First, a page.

Advertisement

JOM

, Volume 60, Issue 10, pp 24–34 | Cite as

William Peirce and E.A. Cappelen Smith and their amazing copper converting machine

  • Larry M. Southwick
Pyrometallurgical Processing Overview

Abstract

This is the story of how technology advances allowed the copper industry to realize its full potential. The Peirce-Smith Converting Centennial symposium, to be held at the TMS 2009 Annual Meeting, will celebrate the contributions of two men, William Peirce and E.A.C. Smith, in these advances. However, theirs is representative of a larger story: New, simpler technology releasing the stranglehold of older, more complicated technology, new developments in vessel configuration and design finding alternate routes around dead ends in operability, advances in technique and concepts removing roadblocks of cycle time and capacity, and overall innovation opening up vast new reserves around the world to those companies willing to embrace those improvements. Our story is also one of personalities, stubborn smeltermen versus the innovators, those inside the industry versus those from outside. It is a story of an initial borrowing from the steel industry, but also Peirce and Smith, from the refining end of the copper business, taking the ideas of Baggaley from Pittsburgh’s steel and air-brake industry, who built on what Hollway, Manhès and David, Douglas, and others had done in smelter tests, further to compete with the previous primacy and closely held expertise of the copper smeltermen in Wales. The photos presented illustrate these innovations.

Keywords

Blast Furnace Magnesite Great Fall Blister Copper Reverberatory Furnace 
These keywords were added by machine and not by the authors. This process is experimental and the keywords may be updated as the learning algorithm improves.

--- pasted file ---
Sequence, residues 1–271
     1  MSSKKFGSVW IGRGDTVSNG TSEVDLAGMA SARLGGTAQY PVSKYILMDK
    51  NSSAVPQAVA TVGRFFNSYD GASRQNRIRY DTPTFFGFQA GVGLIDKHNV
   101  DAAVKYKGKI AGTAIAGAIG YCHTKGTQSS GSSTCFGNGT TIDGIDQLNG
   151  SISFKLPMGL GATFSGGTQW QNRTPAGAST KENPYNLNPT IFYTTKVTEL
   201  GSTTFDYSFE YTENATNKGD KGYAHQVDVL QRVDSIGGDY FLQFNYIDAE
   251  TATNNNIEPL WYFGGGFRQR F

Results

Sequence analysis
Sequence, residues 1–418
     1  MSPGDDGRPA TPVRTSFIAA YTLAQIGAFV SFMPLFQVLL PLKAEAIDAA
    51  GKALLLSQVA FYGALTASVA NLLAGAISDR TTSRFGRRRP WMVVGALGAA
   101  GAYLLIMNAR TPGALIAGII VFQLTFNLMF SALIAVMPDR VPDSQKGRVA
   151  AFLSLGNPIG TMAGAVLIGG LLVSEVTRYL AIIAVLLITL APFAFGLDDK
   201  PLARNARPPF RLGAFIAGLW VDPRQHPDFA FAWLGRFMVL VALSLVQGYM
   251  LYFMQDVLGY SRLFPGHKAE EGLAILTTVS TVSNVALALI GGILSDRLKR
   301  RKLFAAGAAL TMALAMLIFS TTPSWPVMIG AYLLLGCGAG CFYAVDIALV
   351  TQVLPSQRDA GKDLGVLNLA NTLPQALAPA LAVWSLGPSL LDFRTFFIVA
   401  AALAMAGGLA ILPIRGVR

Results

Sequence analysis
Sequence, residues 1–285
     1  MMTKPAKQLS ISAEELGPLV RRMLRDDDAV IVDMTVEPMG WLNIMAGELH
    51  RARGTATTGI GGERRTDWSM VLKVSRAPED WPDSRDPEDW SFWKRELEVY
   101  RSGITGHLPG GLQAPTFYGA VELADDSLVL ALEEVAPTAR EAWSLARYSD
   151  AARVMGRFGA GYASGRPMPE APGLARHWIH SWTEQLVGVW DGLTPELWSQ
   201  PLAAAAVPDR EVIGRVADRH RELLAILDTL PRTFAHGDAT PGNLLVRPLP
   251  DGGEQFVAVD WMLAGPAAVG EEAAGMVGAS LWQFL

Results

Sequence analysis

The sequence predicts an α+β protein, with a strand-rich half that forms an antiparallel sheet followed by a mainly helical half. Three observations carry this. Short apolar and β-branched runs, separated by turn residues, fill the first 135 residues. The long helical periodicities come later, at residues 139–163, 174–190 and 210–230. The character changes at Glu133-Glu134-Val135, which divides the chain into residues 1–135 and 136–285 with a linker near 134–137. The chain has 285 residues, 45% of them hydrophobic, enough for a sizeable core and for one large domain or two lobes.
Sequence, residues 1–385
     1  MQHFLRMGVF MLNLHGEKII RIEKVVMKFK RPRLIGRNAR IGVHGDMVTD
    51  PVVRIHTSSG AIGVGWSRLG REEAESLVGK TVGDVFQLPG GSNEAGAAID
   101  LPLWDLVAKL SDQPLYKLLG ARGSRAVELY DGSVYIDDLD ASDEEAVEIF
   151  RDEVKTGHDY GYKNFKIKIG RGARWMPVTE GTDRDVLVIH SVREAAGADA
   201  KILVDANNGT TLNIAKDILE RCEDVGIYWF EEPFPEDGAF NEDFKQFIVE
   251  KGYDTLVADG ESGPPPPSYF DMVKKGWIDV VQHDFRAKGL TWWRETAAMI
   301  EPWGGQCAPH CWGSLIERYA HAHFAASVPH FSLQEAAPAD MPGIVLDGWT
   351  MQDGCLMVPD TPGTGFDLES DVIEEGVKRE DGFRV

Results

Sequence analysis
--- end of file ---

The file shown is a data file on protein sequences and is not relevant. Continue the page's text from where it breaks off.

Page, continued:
Preview

Unable to display preview. Download preview PDF.

Unable to display preview. Download preview PDF.

References

  1. 1.
    H.R. Schubert, “The Steel Industry”, A History of Technology, Vol. 5, ed. E.J. Holmyard, A.R. Hall, and W.I. Williams (New York: Oxford University Press, 1958), pp. 53–57.Google Scholar
  2. 2.
    James Douglas, “Treatment of Copper Mattes in the Bessemer Converter”, Trans. IMM, 8 (1989–1900), pp. 2–48.Google Scholar
  3. 3.
    L.M. Southwick, “Revising Copper Converter History: A Metallurgical ‘Whodunit’,” Copper 99, Vol. V—Smelting Operation and Advances, ed. D.B. George et al. (Warrendale, PA: TMS, 1999), pp. 371–397 (and references therein).Google Scholar
  4. 4.
    H.O. Hofman, Metallurgy of Copper, First Edition (New York: McGraw-Hill Book Company, Inc., 1914), pp. 298–353.Google Scholar
  5. 5.
    C. Schnabel, Handbook of Metallurgy, Vol. 1, Copper-Lead-Silver-Gold, translated by H. Louis (London: Macmillan and co., Ltd., 1905), pp. 214–234.Google Scholar
  6. 6.
    W. Borchers and B. Franke, Kupfer (Halle, Germany: Willem Knapp, 1915), pp. 224–243.Google Scholar
  7. 7.
    L.S. Austin, “The Washoe Plant of the Anaconda Copper-Mining Co. in 1905”, Transactions AIME, vol. 37 (New York: A.I.M.E., 1906), pp. 431–485.Google Scholar
  8. 8.
    C.B. Hodges, “An Industrial Compressed-air Railway,” Cassier’s Magazine, vol. 28 (1905), pp. 466–478.Google Scholar
  9. 9.
    “The Manhès Copper Converter Patent”, Engineering and Mining Journal (February 14, 1903), p. 267.Google Scholar
  10. 10.
    R.M. Baggaley, “Story of the New Process and its Application”, Anaconda Standard (August 13, 1905), p. 14.Google Scholar
  11. 11.
    World Museum of Mining, negative #02747 (Butte, Montana).Google Scholar
  12. 12.
    World Museum of Mining, negative #02746 (Butte, Montana).Google Scholar
  13. 13.
    “The Original Peirce-Smith Converter”, Engineering and Mining Journal (April 4, 1914), pp. 718–720.Google Scholar
  14. 14.
    “Progress of Basic Converting”, Engineering & Mining Journal (March 3, 1912), p. 408.Google Scholar
  15. 15.
    A.W.G. Wilson, The Copper Smelting Industries of Canada, Canada Department of Mines, Ottawa, and Multnomah County Library, Portland, OR (1913).Google Scholar
  16. 16.
    “The Annual Dinner”, Mining and Metallurgy, 12 (1931), pp. 134–136.Google Scholar
  17. 17.
    “Medal for Chyquicamata Metallurgy”, Mining and Metallurgy (December 1920), pp. 25–26.Google Scholar

Copyright information

© TMS 2008

Authors and Affiliations

  1. 1.CincinnatiUSA

Personalised recommendations